}

When an order object is validated, its address is validated as well.

Validating constraints

A Validator validates objects (graphs) of a given type. When an object is validated, all declared constraints are validated (from fields, getters, the class itself and associated objects if marked as such). The validation will process all constraints and return the list of all failing ones. This is quite useful to display all erroneous fields in a user interface.

Validator<Address> addressValidator = ...;
for (InvalidConstraint<Address> error : addressValidator.validate(address) ) {
        displayErrorByField(error.getPropertyPath(), error.getMessage());       
}

The API also allows to validate a given property rather than the whole object graph for finer grained validation, possibly even before setting the value. This situation arises when an object is gradually populated and needs to be validated.

//apply the street1 constraints on the value
addressValidator.validateValue("street1", "3340 peachtree Rd NE");

It is also possible to validate a subset of the declared constraints rather than all available constaints (using the notion of constraint groups). This is useful in two scenarios:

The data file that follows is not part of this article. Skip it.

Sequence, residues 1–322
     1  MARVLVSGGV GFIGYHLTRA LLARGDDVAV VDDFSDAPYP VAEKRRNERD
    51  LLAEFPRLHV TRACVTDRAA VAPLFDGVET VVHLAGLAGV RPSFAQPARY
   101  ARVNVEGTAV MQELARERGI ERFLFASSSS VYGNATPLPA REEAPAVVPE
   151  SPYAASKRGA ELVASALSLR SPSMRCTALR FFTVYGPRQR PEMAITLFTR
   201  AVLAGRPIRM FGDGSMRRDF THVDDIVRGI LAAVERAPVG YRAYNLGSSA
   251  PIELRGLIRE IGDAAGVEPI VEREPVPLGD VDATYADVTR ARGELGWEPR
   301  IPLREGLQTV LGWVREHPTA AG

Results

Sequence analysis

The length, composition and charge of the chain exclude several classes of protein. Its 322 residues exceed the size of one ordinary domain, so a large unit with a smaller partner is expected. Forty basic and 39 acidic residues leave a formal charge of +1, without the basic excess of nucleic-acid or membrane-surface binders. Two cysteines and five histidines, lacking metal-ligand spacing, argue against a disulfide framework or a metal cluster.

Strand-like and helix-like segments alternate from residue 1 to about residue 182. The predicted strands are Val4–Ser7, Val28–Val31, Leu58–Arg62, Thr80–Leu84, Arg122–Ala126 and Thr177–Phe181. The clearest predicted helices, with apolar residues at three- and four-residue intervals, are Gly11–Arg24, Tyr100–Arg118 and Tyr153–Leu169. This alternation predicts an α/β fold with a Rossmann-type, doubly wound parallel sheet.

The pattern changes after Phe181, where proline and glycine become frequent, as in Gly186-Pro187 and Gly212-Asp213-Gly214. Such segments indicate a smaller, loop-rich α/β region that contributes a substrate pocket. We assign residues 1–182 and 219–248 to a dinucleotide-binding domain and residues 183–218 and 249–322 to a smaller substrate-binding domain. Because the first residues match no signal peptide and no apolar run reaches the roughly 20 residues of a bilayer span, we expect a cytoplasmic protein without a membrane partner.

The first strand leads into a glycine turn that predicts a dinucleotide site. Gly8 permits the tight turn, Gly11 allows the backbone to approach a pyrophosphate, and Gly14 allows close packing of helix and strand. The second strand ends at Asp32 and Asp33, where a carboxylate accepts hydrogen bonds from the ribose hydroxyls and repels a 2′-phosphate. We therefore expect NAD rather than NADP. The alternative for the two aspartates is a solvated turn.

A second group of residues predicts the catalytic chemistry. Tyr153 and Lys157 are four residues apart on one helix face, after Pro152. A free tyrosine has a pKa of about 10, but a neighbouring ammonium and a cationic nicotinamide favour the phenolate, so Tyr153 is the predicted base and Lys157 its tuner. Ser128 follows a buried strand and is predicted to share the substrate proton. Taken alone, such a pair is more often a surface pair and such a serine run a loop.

• validate a gradually populated object graph (wizard style UI or use case driven validation)
  • validate a set of constraints before an other set of constraints (the second relying on the first or being expensive resource-wise)

Groups will be covered in a future post.

Sharing constraint metadata

The Bean Validation API exposes all the constraint metadata for a given class:

  • describes the constraints of a given element
  • exposes the constraint properties
  • etc

Metadata information is useful for tools (such as IDEs) and libraries interacting beyond the frontier of Java (database, javascript libraries and so on).

The grand scheme of things

The goal of JSR 303 is to be the main runtime checking solution and metadata repository for validation rule. This common language between application developers, libraries and JSRs in need for validation (runtime and metadata) will free Java developers from multiple constraint declarations and incompatible validation implementations.

We have specifically planned to work with expert groups from JSF 2.0, Java Persistence 2.0 and WebBeans to offer a smooth and homogeneous integration at the Java platform level. You can envision your constraints propagated to the database schema, to AJAX UI components and checked at various levels of the Java application (presentation, business, persistence layers), all from the same declaration source: your domain model.

This blog entry only brushes the main usages and APIs of the Bean Validation specification. I will follow with some posts covering in more depth:

  • how to write your own constraints and why it matters
  • groups: define subsets of constraints, why and how
  • beyond the Java land: the metadata API

Please download the specification draft and give us feedback.